The other day a renowned anthropologist told me I was not her colleague. Her reply came moments after I had told her that I defended my dissertation less than a month ago.

(Let that sink in)

This happened during a lunch where anthropology graduate students were sharing their feedback about our department with visiting faculty. The three anthropologists were there as reviewers of the program. A routine department evaluation apparently happens every couple of years. During the lunch, I shared concerns on the career and professional development of our department. I expressed regret given that aside from a few professors/advisors, the department as whole, is not preparing PhD students to be the faculty’s colleagues. As I sat on a faculty search committee last year, I didn’t see myself as competitive with the candidates we interviewed. The department replicates many structural barriers that privilege some students above others. To which she said “But you are not my colleague”.

In the past, I have expressed reticence about my future involvement in an academic setting. This incident served as the last drop in a serious of microagressions in the last seven years.

I got fed up. I’m not here for a white medical anthropologist to tell me that I am not her colleague; that I am not part of her club. Because this has happened one too many times and is too frequent for me to let it go. Like last year’s SfAA (Society for Applied Anthropology annual conference) where a White Anthropologist (badge from the conference and all) asked me if i was his taxi driver, despite me not being remotely in the vicinity of a yellow vehicle. I was merely existing in the lobby of the hotel.

I knew I wasn’t trained for the club. But this future colleague broke the fourth wall of academic double-speak that ‘encourages’ minorities to be part of the faculty’s ranks. Especially for a person of color like me who is a member of an underrepresented minority in higher education. A study last year showed that prospective graduate students–applying to graduate school–who were women and/or belonged to racial minorities received fewer email responses from faculty than White men in most disciplines. How discouraging is this?

What does it take to be a colleague then? My clue is that it lies in being a tenure track professor. Every other career path–although similar in nature in regards to research–is not the same. Even adjuncts, with similar work loads, are as liminal as some graduate students in the academic culture. I resist such rankism; it reeks of eurocentrism in western institutions.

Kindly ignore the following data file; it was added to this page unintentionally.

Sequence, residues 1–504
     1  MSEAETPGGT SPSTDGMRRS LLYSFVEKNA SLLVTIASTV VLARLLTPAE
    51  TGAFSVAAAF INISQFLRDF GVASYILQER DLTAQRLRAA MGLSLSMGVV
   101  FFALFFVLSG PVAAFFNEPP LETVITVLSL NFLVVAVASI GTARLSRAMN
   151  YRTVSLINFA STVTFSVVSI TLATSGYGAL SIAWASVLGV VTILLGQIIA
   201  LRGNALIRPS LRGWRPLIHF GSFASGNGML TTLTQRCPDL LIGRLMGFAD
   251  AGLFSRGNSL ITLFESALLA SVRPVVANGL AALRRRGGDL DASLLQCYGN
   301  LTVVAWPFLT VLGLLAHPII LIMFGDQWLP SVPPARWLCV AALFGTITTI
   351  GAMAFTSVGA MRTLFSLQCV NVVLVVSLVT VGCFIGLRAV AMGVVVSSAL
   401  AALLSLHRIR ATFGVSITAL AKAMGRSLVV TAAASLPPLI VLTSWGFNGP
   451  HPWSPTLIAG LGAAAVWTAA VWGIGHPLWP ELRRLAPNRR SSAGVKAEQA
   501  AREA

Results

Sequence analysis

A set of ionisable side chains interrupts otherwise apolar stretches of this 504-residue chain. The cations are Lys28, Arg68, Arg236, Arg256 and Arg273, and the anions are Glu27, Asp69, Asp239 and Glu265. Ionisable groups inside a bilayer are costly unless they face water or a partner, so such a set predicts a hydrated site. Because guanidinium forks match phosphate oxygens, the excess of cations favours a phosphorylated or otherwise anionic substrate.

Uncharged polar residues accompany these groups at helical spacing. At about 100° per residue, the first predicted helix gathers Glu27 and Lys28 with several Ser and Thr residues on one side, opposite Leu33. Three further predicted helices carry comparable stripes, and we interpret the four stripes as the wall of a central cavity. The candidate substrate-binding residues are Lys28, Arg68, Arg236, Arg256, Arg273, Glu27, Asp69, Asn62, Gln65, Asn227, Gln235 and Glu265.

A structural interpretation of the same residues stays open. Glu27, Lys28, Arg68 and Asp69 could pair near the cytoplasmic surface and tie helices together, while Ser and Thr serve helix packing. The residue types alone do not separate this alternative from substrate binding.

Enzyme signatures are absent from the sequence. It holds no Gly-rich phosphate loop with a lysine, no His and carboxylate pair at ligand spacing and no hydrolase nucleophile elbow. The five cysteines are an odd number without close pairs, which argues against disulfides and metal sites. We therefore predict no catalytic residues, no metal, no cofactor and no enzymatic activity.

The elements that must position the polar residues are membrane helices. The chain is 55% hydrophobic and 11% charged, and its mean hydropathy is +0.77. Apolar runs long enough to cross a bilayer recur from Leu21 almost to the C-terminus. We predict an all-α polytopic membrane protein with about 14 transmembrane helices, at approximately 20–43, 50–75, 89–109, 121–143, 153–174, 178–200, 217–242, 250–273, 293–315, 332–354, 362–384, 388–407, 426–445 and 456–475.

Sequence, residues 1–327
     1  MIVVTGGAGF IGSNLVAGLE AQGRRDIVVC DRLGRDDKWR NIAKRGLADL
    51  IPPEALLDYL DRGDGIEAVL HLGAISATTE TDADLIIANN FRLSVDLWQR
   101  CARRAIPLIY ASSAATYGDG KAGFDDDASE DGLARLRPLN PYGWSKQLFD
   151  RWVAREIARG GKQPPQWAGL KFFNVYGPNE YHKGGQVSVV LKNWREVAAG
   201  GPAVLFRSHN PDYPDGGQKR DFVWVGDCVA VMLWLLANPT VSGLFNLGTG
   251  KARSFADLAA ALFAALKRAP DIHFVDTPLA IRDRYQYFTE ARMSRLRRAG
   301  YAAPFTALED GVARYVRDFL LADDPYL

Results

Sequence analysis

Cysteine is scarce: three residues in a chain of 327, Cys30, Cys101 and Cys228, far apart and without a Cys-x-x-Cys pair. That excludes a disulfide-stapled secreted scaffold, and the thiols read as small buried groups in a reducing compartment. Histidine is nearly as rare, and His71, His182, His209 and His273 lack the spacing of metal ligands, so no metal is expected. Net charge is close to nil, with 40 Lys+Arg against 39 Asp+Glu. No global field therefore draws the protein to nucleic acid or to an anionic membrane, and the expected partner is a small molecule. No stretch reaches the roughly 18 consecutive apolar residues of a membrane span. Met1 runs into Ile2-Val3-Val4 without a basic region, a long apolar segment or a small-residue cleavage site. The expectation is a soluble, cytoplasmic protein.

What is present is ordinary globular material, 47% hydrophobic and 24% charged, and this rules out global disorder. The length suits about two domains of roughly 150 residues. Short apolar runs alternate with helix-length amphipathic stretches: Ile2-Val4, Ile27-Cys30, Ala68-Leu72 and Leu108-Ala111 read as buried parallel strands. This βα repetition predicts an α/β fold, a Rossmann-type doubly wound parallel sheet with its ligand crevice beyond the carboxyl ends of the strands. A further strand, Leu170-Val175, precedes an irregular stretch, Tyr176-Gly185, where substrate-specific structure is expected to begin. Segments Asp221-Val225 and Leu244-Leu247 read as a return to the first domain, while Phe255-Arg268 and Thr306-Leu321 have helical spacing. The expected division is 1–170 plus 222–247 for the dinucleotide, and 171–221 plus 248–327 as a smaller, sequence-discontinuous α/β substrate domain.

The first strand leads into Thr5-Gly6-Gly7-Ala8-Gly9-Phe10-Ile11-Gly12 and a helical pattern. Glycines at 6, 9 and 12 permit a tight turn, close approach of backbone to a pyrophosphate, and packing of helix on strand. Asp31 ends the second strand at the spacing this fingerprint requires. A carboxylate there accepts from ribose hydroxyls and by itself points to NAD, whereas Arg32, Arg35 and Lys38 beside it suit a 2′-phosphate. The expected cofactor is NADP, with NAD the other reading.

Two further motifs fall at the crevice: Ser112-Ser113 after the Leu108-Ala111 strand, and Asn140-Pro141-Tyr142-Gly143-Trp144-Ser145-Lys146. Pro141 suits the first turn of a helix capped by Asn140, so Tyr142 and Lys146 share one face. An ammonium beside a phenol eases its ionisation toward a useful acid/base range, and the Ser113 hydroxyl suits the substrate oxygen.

So how do I keep decolonizing my experiences as a PhD recipient from a Research I university of the US? Because I still go back to the experience that spurred this post, and I think… what else? What else could an academic want from me? I jumped all the necessary hoops to receive the highest attainable degree in my discipline.

Still, my work should lie on important issues. I hope that my future career demonstrates a commitment to decolonize anthropology as well as to conduct applied research that matters.

La cosa está mala en Puerto Rico…y no vuelvo

Una de las preguntas que muchas personas me hacen por acá en Maryland, es que si  volvería a Puerto Rico cuando me gradúe. Cinco años atrás, esa pregunta me daba trabajo contestarla con sinceridad; principalmente porque una de las razones principales por las que vine a los EU fue por educación (falta de programa doctoral en Antropología en Puerto Rico) y no por razones económicas. Este último año, una de mis amigas mas cercanas y yo, hemos hablado mucho de la situación de la isla. Los dos somos ex-alumnos de la yupi, y los dos estamos estudiando antropología en los EU. Siempre mencionamos como la cosa está mala en Puerto Rico.

Y la cosa está mala por muchas razones, pero una de las circunstancias que nos concierne a ambos es lo politicizada que está la educación superior en Puerto Rico. Lo peor del caso es que nosotros vinimos a los EU sabiendo que la cosa estaba mala en las universidades. Que para ser profesor o catedrático en la Universidad de Puerto Rico, hay que tener pala. También aprendimos que el sistema superior en gringolandia, al menos tiene una antifaz que pretende igualdad, y técnicamente es más fácil obtener empleo por acá con un doctorado en las ciencias sociales, que en la isla del encanto.